Monday, 2 August 2010

Chatsworth Gardens

Please excuse the long silence - I have been enjoying a lovely week away in the Peak District with friends!

I must confess I find the Peaks a little underwhelming when compared to certain other spots in Britain, but I can't complain; it's great to get away, and there's nothing like a good dose of countryside.
The weather was rather grey all week, and as a result my photos are rather grey too, but I will give you a rundown of some of the highlights anyway - the most relevant of which is our visit to Chatsworth House and Gardens.

Visting gardens has never previously been 'my thing', and I wouldn't have gone if the rest of the group hadn't suggested it - they mainly wanted to see the house. Eddie and I bought a gardens-only ticket, however, and there was still plenty to fill the day!

The highlights of the gardens for me were the hundreds of statues and carvings at every turn, such as here in the rose garden...

...and the numerous water features, from this simple but picturesque 'trough waterfall' hidden away in the woods... the cleverly engineered 'willow tree fountain', which at first glance looks like a real tree but is really made entirely of metal pipes... the 'cascade'; a man-made waterfall of sorts, where water flows endlessly down a series of differently-shaped and -sized steps...

...and finally this incredible gravity-fed fountain. No pumps here; just the pressure of a water source far above on the hilltop. The fountain plays here at only about a third of its maximum height! Now that's impressive!

Of course, I did enjoy the planting too. I particularly liked this purple-themed bed (sorry; the colours didn't come out too well in the photos).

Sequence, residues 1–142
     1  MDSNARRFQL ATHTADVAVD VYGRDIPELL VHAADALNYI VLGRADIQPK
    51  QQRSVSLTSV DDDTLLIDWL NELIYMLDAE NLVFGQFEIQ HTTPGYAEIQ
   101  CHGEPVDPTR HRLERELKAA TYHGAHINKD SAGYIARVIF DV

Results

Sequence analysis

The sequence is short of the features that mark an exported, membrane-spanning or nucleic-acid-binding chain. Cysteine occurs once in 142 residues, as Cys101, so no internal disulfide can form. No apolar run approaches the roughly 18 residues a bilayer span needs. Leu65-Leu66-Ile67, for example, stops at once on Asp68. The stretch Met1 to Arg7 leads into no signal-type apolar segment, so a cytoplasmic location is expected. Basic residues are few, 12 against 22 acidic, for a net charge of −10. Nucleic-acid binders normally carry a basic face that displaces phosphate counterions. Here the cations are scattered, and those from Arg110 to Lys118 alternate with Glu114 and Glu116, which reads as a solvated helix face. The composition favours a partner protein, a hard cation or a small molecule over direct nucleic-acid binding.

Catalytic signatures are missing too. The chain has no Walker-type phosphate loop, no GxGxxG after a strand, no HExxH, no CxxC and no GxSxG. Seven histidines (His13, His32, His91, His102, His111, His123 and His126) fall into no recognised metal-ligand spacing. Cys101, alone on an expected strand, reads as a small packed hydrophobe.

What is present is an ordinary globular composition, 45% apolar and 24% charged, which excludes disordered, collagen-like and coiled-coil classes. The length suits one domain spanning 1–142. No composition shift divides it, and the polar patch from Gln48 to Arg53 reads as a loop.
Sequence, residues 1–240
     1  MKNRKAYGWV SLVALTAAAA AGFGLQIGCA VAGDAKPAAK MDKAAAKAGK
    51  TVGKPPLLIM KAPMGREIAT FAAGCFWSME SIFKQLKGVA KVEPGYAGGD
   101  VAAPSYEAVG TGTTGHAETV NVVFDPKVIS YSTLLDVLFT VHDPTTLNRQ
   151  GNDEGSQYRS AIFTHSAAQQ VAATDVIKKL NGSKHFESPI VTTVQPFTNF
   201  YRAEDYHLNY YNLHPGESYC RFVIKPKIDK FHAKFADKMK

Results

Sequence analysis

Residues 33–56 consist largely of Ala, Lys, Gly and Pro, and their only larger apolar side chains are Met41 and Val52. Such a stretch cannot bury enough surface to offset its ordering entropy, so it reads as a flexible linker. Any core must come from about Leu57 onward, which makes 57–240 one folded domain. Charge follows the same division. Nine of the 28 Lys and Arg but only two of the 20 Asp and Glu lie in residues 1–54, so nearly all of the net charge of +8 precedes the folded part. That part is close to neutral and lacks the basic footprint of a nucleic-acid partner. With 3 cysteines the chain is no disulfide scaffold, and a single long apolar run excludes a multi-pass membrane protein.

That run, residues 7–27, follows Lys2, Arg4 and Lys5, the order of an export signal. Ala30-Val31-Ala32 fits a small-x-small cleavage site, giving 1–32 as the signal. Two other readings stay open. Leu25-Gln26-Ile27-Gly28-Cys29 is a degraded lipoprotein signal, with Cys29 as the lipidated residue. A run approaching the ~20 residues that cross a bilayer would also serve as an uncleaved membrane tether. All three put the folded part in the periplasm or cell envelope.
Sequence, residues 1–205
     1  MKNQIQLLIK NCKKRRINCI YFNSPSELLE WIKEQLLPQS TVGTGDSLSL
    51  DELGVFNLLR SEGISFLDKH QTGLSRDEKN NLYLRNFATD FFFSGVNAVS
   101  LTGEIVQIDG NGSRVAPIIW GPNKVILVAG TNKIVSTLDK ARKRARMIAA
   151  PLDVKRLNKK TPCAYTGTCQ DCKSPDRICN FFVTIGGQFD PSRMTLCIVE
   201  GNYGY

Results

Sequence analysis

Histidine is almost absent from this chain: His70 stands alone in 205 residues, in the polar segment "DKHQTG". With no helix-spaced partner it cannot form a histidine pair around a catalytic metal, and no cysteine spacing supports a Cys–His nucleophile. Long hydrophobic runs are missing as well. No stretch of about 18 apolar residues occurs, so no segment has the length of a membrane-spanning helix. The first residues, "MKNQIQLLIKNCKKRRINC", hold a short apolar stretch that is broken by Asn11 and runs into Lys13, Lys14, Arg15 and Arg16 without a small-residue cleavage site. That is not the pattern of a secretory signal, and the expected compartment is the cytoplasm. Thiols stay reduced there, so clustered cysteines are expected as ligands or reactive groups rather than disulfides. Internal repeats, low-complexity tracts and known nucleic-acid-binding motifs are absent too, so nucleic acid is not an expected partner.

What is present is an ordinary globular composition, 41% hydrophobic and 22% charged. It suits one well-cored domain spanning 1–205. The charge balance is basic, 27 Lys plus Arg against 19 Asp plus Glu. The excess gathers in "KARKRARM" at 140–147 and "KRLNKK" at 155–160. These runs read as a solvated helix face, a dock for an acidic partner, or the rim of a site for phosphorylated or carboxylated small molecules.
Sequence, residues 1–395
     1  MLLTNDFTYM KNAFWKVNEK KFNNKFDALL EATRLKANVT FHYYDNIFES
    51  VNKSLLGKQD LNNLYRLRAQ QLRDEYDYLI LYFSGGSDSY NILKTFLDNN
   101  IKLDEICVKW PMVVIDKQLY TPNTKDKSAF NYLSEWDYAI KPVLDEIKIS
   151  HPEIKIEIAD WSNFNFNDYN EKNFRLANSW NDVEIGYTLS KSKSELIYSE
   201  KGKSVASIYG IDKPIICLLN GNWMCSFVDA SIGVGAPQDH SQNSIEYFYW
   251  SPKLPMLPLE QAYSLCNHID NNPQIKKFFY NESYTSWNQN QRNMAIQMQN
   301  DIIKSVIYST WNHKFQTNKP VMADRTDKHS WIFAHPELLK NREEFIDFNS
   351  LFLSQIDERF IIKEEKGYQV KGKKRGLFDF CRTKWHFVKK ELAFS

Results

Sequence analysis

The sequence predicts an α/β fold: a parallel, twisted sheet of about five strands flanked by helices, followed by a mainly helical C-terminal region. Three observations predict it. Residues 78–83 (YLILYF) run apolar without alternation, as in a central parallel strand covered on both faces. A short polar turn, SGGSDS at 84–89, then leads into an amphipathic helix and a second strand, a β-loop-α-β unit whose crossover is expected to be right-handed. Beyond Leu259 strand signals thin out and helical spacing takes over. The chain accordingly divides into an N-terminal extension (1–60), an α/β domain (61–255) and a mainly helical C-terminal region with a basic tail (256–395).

And does anyone know what these yellow flowers are? I loved them - they stand 3-5ft high, and are just the right mix of rustic and sculptural.

They were everywhere, and particularly set off the rocky areas. And the bees loved them too!

Of course the real point of interest for us was the kitchen garden, on a rather steeply sloping site right at the top of the estate. Everything looked fantastic, and I kept wanting to reach out and pick things!

Most crops are planted in a sort of wagon wheel pattern, with rows emanating from a single point in the middle of each bed, and different types of crops planted side by side seemingly at random; lettuces next to courgettes next to carrots next to peas next to herbs next to onions next to potatoes next to brassicas next to peppers and so on and on and on!

There are a few more traditional rows too; see beetroots on the left below and parsnips on the right(ish), with all kinds of brassicas caged beyond. And what's that in the middle?

I studied them for a while and I swear, they look exactly like some kind of gigantic dandelions! What on earth are they?!

I was pleased to see plenty of companion flowers about as well; nasturtiums everywhere and whole beds of borage - like here next to the runner beans.

Also on display were the rather grand old greenhouses, full of ripening tomatoes and melons supported in nets.

And more cold frames than you could shake a spade at!

And how's this for an industrial-sized bird scarer? It rotates slowly in the middle of the garden, casting bright reflections in all directions. And to think the rest of us have to make do with CDs on strings...


Green Lane Allotments said...

The tree fountain is great and I like the idea of the vegetable wheel - must go sometime as it isn't really far from us.

Amy said...

Wow I wish I had a greenhouse like that, or even just half of those coldframes. Maybe one day I'll even graduate away from the 'must remember plant veg' stage to the 'this will be perfect in my wagon wheel design' stage.

Related Posts Plugin for WordPress, Blogger...